Just how involved a royal patron becomes in a charity depends on their schedule and public duties. The Queen is patron or president of more than 700 organisations (see below) and it is unrealistic to expect her to attend every fundraising event. So, given the limits on royals’ time, some charities have a celebrity patron or ambassador instead of or as well as a royal. The NSPCC has the Queen, but also Kylie Minogue, Jonny Wilkinson and, most recently, Catherine Zeta Jones. Breast Cancer Care has the Duchess of Kent, but also Cherie Booth and Geri Halliwell.
Christina McGill, Breast Cancer Care’s head of communications, is responsible for liaising with the patrons, and says it pays to have both a royal and a celebrity on board: “Having a variety of celebrity patrons that fit in with the charity is very helpful but having a royal endorsement lends something to the charity overall.” Her charity has regular review meetings with all its celebrity patrons to ensure both sides are happy with the arrangements.
Celebrity involvement in a charity can help it to reach people who would otherwise not be interested. As Pedro says, Kylie Minogue and Jonny Wilkinson “can get in under the radar of young people”. She adds: “We couldn’t go into the marketplace and buy that sort of endorsement, like Pepsi or Gucci do. We couldn’t afford it and what celebrities give us is invaluable.”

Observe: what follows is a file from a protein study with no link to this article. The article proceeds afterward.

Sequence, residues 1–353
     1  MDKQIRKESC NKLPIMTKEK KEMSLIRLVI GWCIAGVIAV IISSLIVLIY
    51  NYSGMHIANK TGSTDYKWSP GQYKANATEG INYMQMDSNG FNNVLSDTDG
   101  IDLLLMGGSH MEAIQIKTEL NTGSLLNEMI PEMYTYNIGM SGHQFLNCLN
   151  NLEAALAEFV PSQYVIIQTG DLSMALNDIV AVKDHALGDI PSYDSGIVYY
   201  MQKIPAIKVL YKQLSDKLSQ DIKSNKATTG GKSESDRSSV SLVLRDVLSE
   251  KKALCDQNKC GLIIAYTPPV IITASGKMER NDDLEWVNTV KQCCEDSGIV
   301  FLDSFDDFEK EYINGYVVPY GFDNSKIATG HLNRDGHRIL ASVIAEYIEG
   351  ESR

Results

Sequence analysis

Having both types of figureheads also “means you can reach an audience from monarchists to republicans and all shades in between”, says the National Autistic Society’s head of fundraising, David Richards. The Countess of Wessex is its patron and actress Jane Asher has been its president for 13 years. He says: “Both royals and celebrities can add gravitas or just plain glamour to an issue or an event.”
But being the patron of a charity can be a tall order. The individual concerned has to have credibility with the organisation’s client group and cannot be an embarrassment to the charity. As Singleton says: “It has to be someone who is not going to be dragged through the pages of the tabloids tomorrow because of their murky past or because they are on drugs or
money laundering.” They also have to be someone that the corporate companies who give to charities are willing to be identified with.
On a different note, patrons also need to have the skills to know how to thank the charity’s volunteers. This is a key skill, according to Richards, who says a member of the royal family taking the time to share a coffee with a charity’s volunteers can have a big impact. “Is it glamorous? No, but it’s a really effective way of saying thank you to people who do valuable unpaid work for an important cause.”
Yet, while having a royal patron puts a high-profile name on the charity’s notepaper and a photograph in the tabloids, does the involvement of the royal family put some people off a charity? The consensus from the sector is no.
Giles Pegram, the NSPCC’s director of appeals for 25 years, says people from all backgrounds are fascinated by the royal family. “It is remarkable that when people are invited to an event where a member of the royal family is present few refuse to attend.”
So it seems that in capturing Prince William’s time and attention, Centrepoint could be on to a good thing – and Lawton is certainly optimistic when he says: “I have an idea that when I next write to captains of industry I’ll be heard by a few more of them now Prince William is our patron.”
The Queen is patron or president of more than 700 organisations.
The Duke of Edinburgh is patron or president of 800 organisations.
The Prince of Wales is patron or president of 200 organisations.
The Princess Royal is patron or president of more than 200 organisations.